Authentic Alaska: Voices of Its Native Writers

Authentic Alaska: Voices of Its Native Writers

by Susan B. Andrews, John Creed
     
 

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In this lively and sometimes poignant collection of essays and autobiographies, nearly fifty Alaska Native writers tell of their unique way of life and bear witness to the sweeping cultural changes occurring in their lifetimes.

They explore a range of experiences and issues, including skinning a polar bear; traditional domestic and subsistence practices; marriage

Overview

In this lively and sometimes poignant collection of essays and autobiographies, nearly fifty Alaska Native writers tell of their unique way of life and bear witness to the sweeping cultural changes occurring in their lifetimes.

They explore a range of experiences and issues, including skinning a polar bear; traditional domestic and subsistence practices; marriage customs; alcoholism; the challenges and opportunities of modern education; balancing traditional and contemporary demands; discrimination; adapting to urban life; the treatment of Native peoples in school textbooks; and the social realities of speaking standard and "village" English.

With its fresh perspectives and unfailingly authentic voices, this collection is essential for an understanding of Alaska Native peoples today.

Susan B. Andrews and John Creed are award-winning journalists and associate professors in the humanities at the Chukchi campus of the University of Alaska in Kotzebue.

Editorial Reviews

Library Journal
"Cutting a polar bear is very easy, just like saying the alphabet for counting ones, twos, threes, and so on," states Siberian Yup'ik Linda Akeya in her essay on skinning a polar bear. Akeya's native Alaskan voice is typical of the more than 50 found here. There is a refreshing directness to this collection of essays and stories edited byAndrews and Creed, journalists and associate professors at the Chukchi campus of the University of Alaska in Kotzebue. Most of the narratives were part of a student writing project initiated in 1987-88, with the students' efforts often published in the Anchorage Daily News. The slender anthology includes a brief overview of Alaska's history in relation to its native peoples followed by individual autobiographies, accounts of rural life, formal schooling experiences, and the effects of Western culture on native traditions. The text is enhanced by historic and contemporary photographs. This is a bittersweet book, for there is no denying the destruction of one society by another. Recommended for academic and large public libraries.Janet N. Ross, Washoe Cty. Lib. Sys., Sparks, Nev.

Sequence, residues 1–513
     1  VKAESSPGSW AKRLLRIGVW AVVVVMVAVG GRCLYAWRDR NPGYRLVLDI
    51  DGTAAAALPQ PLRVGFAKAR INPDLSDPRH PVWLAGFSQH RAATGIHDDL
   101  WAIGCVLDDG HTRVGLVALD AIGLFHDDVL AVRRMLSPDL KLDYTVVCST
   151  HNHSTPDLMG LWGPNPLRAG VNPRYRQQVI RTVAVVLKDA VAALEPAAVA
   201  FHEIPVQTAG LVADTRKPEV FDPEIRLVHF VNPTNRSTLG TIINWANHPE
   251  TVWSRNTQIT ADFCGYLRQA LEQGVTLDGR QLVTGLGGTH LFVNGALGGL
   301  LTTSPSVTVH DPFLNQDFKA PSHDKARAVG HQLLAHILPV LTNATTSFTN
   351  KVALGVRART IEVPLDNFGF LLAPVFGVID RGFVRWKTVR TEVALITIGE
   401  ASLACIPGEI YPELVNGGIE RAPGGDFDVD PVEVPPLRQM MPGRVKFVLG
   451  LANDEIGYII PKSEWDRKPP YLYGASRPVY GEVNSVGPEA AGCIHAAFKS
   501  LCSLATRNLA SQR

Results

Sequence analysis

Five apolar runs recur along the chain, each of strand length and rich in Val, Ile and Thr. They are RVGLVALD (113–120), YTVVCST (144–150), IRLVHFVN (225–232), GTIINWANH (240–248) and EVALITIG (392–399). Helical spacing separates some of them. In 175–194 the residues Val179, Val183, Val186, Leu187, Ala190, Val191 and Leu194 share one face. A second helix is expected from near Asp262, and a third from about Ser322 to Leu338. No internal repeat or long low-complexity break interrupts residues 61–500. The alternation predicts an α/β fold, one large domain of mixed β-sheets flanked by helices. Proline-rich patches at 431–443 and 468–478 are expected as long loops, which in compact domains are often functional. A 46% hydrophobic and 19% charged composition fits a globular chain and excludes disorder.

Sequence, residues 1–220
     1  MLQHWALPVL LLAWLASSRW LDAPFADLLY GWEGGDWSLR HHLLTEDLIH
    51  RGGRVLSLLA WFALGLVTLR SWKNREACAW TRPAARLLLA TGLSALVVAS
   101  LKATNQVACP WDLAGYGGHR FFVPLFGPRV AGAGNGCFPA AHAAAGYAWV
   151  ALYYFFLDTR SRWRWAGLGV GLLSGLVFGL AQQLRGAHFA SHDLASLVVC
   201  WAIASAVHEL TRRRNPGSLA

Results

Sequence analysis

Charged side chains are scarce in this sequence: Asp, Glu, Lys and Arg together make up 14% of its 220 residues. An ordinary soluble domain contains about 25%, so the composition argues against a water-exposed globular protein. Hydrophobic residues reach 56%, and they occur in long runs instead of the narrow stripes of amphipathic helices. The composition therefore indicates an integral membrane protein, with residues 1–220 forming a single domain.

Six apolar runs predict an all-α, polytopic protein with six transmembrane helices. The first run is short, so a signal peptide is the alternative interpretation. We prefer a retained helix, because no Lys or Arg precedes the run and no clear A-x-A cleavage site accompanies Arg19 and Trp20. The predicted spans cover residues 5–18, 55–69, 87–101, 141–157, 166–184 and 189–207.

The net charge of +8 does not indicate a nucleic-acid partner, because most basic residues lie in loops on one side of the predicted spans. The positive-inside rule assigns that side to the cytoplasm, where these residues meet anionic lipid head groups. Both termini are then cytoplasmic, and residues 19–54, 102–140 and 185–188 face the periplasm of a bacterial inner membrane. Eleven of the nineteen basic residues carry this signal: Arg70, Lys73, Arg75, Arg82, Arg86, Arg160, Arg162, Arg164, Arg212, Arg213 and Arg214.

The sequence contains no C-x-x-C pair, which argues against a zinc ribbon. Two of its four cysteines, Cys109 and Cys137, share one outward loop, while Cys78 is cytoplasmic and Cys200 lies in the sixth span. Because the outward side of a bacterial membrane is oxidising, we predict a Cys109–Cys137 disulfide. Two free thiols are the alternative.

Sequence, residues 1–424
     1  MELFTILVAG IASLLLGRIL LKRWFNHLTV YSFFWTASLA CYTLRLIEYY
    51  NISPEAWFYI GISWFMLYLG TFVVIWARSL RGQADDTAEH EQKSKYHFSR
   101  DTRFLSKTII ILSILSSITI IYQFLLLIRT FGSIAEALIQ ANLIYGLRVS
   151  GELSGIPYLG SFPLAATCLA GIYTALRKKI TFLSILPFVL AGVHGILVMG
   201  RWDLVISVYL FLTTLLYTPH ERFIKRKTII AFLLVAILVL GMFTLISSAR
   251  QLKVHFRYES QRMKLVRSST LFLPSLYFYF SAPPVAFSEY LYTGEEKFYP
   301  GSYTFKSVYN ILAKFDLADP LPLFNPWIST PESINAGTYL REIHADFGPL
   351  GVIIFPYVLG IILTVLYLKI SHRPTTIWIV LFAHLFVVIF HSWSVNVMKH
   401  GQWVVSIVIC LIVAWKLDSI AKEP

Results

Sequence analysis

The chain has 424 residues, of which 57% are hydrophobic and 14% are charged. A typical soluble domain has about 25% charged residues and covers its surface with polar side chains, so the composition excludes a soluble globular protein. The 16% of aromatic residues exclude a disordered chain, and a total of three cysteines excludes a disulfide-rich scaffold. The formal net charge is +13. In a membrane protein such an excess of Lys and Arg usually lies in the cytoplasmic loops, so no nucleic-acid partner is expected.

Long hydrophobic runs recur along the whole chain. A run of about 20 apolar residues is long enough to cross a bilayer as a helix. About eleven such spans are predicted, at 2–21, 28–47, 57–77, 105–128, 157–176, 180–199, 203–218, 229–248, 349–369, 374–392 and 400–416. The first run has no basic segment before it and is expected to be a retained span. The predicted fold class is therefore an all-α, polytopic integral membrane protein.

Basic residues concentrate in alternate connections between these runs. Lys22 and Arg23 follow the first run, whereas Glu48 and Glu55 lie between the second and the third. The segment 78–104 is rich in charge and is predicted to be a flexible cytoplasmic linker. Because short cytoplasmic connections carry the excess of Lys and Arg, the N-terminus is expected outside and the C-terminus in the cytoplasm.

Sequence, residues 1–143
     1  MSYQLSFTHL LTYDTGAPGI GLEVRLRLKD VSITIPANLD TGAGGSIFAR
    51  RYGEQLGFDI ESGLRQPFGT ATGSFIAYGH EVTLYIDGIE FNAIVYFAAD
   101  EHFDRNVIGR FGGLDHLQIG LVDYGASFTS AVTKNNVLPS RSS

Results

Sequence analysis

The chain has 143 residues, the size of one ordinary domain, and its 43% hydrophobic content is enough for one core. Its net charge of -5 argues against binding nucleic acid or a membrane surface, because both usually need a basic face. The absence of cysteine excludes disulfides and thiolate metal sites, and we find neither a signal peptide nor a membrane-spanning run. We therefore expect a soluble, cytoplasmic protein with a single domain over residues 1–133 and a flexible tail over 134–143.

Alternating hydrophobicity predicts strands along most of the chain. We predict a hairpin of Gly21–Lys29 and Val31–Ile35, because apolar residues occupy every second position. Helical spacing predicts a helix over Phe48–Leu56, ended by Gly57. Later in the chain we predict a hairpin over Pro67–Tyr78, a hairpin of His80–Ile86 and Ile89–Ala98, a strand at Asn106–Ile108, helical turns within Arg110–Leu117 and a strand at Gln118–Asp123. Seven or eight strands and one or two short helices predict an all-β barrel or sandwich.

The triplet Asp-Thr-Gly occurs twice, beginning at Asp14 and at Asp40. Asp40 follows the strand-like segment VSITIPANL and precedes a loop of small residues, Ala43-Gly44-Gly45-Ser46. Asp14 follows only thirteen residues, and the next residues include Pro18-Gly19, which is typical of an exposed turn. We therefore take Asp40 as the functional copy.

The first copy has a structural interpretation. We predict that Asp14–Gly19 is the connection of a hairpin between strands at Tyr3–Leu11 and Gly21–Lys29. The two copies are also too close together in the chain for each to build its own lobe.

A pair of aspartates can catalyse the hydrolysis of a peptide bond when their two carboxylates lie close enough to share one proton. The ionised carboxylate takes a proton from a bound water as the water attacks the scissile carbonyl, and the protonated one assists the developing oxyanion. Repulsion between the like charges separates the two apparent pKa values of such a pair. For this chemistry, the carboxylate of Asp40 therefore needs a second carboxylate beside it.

Robin Ridington
"These stories add a new dimension to the genre of Native American literature."—Robin Ridington, coauthor of Blessing for a Long Time: The Sacred Pole of the Omaha Tribe (Nebraska 1997)
Julie Cruikshank
"These are gritty, forthright narratives about late-twentieth-century life in remote Alaska. . . . A wonderful collection indeed!"—Julie Cruikshank, author of The Social Life of Stories: Narrative and Knowledge in the Yukon Territory (Nebraska 1998) and Life Lived Like a Story: Life Stories of Three Yukon Native Elders (Nebraska 1991)

Product Details

ISBN-13:
9780803259331
Publisher:
University of Nebraska Press
Publication date:
01/01/1998
Series:
American Indian Lives Series
Pages:
212
Product dimensions:
0.45(w) x 9.00(h) x 6.00(d)

Meet the Author


Susan B. Andrews and John Creed are award-winning journalists and associate professors in the humanities at the Chukchi campus of the University of Alaska in Kotzebue.

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